Interference with endogenous MIIA expression or function inhibits the ligand-induced endocytosis of CXCR4

To assess the involvement of endogenous MIIA in the endocytic process of CXCR4, different small interfering RNA (siRNA) oligonucleotides (MIIA1 and MIIA2) designed to inhibit MIIA expression were transfected into J77 cells, and SDF-1α-mediated CXCR4 endocytosis was measured by flow cytometry. As determined by western blot, cell transfection with each one of the two siRNA sequences produced a partial decrease (of approximately 30-50%) of MIIA, but not of MIIB expression, on J77 cells, with respect to an unrelated control sequence (Fig. 3A). Although the silencing of MIIA was partial, it resulted in statistically significant higher amounts of CXCR4 remaining on the cell surface after SDF-1α-treatment, which suggests a block of CXCR4 endocytosis (Fig. 3B).

CXCR4 internalization experiments performed with blebbistatin, a specific inhibitor of nonmuscle myosins, further confirmed the implication of MIIA in the ligand-induced endocytosis of this receptor (Fig. 3C). By contrast, blebbistatin did not alter the endocytosis of the transferrin receptor (not shown). In addition, interference with endogenous MIIA expression did not seem to alter the formation of clathrin vesicles, because no apparent differences in the clathrin pattern were observed in cells transfected with the siRNA targeting MIIA and its negative control (Fig. 3D).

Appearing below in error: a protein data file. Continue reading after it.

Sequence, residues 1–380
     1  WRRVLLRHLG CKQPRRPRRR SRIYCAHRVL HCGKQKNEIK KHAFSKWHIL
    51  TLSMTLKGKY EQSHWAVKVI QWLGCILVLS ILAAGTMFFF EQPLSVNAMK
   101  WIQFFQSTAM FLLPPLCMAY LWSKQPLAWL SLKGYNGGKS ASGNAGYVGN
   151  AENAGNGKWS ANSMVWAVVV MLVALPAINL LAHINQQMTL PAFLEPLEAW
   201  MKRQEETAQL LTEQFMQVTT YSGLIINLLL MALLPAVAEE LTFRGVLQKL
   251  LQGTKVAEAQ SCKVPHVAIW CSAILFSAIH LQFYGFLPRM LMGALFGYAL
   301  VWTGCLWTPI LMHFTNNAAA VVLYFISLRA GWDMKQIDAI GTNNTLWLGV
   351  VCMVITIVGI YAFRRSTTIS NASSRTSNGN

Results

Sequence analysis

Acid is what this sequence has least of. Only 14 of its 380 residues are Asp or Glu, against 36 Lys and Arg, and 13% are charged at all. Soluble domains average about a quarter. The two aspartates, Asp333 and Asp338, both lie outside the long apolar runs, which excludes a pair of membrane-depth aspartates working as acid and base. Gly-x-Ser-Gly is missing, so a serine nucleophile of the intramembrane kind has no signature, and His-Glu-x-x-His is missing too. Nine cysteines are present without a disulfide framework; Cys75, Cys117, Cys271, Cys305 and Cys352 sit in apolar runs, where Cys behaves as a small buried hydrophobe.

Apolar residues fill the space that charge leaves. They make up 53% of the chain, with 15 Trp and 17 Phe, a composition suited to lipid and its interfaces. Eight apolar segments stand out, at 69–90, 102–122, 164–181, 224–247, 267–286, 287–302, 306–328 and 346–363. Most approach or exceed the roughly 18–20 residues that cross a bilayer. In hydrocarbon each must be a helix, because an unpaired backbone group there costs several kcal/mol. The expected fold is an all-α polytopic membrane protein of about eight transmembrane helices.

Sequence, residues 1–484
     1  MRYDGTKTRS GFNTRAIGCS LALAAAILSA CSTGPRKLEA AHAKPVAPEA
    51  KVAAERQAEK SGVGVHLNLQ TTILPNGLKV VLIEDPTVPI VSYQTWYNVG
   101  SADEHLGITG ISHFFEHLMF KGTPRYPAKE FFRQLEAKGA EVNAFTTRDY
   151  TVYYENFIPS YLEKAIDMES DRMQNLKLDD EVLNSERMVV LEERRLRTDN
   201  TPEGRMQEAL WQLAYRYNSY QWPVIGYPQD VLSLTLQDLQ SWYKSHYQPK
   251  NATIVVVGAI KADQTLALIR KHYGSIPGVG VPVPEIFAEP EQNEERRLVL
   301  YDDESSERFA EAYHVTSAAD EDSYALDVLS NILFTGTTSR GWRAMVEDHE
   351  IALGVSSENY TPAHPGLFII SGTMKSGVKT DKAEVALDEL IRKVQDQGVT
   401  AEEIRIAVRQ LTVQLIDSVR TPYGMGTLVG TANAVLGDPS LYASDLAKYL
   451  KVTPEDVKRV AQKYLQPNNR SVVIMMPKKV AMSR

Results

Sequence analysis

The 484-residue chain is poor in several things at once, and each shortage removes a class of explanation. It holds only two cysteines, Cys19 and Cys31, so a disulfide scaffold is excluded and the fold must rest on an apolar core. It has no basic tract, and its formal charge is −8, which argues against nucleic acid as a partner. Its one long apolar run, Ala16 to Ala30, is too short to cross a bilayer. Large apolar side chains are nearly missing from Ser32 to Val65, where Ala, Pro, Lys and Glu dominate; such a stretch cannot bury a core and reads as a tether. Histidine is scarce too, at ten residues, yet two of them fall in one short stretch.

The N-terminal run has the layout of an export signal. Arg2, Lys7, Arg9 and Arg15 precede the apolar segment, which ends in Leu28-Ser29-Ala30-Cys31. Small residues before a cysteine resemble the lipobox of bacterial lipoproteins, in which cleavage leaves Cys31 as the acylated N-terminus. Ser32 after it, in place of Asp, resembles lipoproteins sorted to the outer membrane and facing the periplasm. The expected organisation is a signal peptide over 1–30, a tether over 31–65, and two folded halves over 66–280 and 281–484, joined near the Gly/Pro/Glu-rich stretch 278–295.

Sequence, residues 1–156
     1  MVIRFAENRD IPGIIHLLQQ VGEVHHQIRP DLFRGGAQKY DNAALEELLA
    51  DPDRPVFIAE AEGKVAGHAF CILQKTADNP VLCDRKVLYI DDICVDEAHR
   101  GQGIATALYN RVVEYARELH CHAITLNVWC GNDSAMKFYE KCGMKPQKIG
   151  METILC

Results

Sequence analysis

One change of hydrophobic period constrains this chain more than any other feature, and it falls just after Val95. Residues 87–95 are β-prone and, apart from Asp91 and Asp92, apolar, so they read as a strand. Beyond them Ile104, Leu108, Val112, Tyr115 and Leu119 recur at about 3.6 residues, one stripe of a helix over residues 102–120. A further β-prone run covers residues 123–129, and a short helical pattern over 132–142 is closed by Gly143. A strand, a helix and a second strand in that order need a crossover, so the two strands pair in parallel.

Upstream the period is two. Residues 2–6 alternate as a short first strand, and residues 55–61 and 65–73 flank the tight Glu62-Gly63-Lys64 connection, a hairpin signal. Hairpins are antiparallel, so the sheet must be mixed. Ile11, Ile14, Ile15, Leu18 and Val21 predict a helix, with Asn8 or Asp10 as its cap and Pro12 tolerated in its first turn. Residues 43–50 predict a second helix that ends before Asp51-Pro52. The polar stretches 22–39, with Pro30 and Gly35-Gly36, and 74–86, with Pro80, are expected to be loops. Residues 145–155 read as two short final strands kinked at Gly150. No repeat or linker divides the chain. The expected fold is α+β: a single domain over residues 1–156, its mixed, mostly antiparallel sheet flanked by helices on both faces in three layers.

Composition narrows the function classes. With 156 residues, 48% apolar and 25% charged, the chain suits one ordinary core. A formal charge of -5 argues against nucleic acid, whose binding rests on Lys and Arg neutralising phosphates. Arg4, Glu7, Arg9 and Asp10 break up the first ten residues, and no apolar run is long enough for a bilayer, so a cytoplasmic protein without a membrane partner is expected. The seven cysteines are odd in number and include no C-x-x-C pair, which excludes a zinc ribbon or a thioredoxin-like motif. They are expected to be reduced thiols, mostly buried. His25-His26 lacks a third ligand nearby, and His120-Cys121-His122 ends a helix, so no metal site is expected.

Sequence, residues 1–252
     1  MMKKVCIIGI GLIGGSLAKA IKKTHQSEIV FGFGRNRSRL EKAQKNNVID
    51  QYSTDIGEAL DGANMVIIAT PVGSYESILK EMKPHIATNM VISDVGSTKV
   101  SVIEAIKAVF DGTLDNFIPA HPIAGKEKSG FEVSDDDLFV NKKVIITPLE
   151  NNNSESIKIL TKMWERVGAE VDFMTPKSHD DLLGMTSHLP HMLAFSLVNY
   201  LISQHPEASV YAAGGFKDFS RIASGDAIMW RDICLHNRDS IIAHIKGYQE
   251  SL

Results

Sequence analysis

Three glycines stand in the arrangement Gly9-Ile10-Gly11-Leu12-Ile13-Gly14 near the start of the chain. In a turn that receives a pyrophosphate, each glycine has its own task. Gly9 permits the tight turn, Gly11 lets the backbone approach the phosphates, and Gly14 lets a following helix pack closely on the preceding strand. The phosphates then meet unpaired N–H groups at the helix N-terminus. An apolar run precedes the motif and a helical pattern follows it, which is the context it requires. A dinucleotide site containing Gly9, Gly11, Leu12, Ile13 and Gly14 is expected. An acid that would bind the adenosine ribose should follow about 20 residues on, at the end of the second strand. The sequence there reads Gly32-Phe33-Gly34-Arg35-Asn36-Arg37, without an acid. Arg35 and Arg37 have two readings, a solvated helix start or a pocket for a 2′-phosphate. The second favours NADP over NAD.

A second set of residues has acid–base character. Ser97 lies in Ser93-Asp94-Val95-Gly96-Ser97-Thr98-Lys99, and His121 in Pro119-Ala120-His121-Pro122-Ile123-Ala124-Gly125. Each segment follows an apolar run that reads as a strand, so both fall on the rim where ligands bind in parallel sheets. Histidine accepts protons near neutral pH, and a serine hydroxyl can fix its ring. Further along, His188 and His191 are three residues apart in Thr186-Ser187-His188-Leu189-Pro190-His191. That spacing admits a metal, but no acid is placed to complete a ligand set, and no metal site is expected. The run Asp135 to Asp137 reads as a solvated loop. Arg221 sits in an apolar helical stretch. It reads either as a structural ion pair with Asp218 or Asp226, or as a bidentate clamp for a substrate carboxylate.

Targeting of MIIA increases migratory response to SDF-1α in T cells and negatively affects the anti-HIV-1 fusogenic capacity of SDF-1α